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Financial Consent Order
Divorcing couples can create a Consent Order (also known as a Clean Break Order) to ensure that any financial agreement reached by them is legally binding and that no party can make further claims against the other after the divorce has been made absolute. A Consent Order must be filed at a divorce court and approved by a Judge to be enforceable in law.
Why do I need a Financial Consent Order?
The divorce process itself only arranges the dissolution of your marriage and doesn’t include your financial arrangements after divorce.
To stop you or your ex coming back to the divorce court at a later date to sort out any financial problems, it’s best to put the terms of your financial agreement into a legally-binding court order which dismisses any future financial claims after your divorce.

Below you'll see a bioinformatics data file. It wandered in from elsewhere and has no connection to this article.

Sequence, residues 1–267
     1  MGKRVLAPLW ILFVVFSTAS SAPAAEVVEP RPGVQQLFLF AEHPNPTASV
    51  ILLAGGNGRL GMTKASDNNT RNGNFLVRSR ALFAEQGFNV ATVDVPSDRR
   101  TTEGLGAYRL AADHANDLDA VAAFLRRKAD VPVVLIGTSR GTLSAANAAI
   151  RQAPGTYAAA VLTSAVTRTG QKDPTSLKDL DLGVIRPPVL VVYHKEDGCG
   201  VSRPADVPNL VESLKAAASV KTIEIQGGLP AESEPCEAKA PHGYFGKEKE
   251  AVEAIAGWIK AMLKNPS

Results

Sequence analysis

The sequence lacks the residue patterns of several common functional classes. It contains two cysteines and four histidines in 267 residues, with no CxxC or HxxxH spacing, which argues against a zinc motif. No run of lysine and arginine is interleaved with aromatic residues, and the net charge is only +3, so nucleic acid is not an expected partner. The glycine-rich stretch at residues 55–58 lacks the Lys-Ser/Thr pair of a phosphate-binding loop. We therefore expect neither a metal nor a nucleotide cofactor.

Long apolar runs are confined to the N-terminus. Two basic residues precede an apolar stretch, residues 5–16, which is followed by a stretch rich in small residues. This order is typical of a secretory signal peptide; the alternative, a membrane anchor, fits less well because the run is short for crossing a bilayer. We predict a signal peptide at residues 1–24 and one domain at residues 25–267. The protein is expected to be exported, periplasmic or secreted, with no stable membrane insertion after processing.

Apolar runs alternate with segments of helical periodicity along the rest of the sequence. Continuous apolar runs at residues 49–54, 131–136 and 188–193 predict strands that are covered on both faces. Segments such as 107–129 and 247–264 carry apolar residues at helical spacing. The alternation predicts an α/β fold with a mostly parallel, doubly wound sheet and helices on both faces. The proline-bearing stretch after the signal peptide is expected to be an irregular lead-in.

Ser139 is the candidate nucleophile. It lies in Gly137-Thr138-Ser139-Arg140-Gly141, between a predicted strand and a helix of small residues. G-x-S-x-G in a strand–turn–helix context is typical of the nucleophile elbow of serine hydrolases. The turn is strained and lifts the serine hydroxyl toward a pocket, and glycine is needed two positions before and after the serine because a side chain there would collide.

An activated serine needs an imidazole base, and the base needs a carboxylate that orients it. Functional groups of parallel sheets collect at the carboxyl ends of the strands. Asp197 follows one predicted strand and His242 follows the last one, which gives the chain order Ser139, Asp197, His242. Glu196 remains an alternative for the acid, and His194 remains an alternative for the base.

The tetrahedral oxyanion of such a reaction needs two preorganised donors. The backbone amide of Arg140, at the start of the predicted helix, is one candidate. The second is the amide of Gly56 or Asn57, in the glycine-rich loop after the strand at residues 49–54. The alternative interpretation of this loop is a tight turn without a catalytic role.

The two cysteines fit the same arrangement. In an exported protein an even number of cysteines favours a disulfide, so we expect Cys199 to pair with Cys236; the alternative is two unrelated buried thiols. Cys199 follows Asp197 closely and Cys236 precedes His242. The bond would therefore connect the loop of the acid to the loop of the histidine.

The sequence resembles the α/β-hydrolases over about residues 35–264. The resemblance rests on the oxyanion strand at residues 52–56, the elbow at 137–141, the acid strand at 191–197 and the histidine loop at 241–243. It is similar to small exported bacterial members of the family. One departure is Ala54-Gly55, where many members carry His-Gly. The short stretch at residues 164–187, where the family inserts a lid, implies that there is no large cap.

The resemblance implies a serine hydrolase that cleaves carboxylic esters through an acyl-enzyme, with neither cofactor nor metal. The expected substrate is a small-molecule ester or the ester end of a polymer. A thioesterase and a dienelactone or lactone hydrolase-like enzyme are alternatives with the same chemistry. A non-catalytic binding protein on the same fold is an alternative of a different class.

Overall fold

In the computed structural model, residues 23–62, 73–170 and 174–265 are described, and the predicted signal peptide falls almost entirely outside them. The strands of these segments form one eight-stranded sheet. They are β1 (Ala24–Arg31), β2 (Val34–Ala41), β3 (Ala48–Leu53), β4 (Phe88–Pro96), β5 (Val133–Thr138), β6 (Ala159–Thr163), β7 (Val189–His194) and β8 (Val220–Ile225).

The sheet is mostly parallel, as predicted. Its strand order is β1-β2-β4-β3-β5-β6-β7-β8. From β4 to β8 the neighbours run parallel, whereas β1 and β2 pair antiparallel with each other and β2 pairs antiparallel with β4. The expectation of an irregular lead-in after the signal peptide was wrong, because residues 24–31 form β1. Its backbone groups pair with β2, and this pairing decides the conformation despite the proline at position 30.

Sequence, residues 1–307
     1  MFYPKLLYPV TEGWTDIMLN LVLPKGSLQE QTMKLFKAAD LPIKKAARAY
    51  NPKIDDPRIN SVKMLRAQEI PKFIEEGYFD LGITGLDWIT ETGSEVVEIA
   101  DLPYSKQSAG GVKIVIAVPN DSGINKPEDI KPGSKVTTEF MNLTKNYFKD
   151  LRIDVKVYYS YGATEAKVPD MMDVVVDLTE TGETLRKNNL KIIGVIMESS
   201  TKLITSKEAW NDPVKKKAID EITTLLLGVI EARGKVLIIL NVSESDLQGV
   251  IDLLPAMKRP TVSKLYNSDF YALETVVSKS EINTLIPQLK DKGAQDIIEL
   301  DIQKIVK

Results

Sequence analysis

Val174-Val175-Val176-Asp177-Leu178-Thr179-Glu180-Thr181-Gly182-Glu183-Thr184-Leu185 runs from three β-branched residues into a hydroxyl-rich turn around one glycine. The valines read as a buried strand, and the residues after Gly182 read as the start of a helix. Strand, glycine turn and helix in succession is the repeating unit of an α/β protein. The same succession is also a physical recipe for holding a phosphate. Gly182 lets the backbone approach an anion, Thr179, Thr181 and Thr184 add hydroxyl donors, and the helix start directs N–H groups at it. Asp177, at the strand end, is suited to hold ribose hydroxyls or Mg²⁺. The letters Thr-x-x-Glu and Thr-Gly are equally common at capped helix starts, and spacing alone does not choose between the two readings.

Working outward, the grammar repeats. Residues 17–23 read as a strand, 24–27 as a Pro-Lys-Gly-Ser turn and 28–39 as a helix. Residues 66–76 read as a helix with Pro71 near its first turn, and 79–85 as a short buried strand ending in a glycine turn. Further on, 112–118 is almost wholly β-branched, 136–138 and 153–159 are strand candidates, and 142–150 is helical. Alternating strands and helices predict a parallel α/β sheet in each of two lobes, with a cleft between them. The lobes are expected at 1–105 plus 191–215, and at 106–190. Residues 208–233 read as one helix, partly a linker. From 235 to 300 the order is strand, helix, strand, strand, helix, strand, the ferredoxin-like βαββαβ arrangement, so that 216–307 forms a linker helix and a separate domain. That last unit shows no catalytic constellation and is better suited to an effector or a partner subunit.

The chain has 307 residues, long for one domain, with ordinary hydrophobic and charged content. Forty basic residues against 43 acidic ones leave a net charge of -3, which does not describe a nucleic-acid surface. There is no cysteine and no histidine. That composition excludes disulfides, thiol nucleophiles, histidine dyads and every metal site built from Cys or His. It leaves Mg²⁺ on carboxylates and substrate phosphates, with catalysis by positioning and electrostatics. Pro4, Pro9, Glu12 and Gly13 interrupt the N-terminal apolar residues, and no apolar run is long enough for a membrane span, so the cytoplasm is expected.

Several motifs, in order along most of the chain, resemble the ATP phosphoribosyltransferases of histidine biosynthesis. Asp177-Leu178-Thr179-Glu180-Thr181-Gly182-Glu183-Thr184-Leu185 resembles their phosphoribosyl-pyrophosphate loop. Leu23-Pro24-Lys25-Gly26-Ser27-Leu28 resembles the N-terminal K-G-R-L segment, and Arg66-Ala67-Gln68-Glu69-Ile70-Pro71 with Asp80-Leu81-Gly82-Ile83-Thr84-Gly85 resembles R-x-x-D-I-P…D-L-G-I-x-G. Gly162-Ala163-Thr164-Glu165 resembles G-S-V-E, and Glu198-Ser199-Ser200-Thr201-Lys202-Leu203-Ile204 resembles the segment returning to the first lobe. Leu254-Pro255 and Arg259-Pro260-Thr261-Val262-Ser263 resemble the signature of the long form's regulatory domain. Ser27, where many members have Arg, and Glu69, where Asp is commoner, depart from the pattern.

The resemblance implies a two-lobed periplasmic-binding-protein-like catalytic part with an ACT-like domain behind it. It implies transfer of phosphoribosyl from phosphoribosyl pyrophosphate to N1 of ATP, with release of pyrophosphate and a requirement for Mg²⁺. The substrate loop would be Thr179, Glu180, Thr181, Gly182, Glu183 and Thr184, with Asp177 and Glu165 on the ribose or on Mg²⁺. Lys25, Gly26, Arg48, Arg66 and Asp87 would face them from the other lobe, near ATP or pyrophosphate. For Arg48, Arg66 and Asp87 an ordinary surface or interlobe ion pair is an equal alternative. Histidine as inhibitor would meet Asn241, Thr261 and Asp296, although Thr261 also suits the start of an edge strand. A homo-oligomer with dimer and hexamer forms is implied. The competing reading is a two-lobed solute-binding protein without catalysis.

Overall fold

What is included in the Financial Consent Order?
The sale and transfer of property
- Maintenance for spouse and children
- Pension sharing orders
- Transfer of shares and investments
- Personal property
- Lump sum payments
What are the requirements of the Financial Consent Order?
The Financial Consent Order/Clean Break Order must be agreed and signed by both parties
- Both divorcing partners must be open and honest about their income and assets to each other
- The divorce disclosure document Form E will not have to be completed with a Financial Consent Order
- You only need to complete a basic assets, income and pension value form
What happens when the Financial Consent Order is filed?
- The Financial Consent Order/Clean Break Order will be filed at a divorce court on your behalf and will be placed before a Judge
- Once the Financial Consent Order has been approved, both you and (your soon to be) ex will receive a copy of the financial order, dated and signed by the Judge
A standard charge court filing fee of £53, which you will need to pay directly to the divorce court, unless you qualify for an exemption of court fees because you’re on a low income.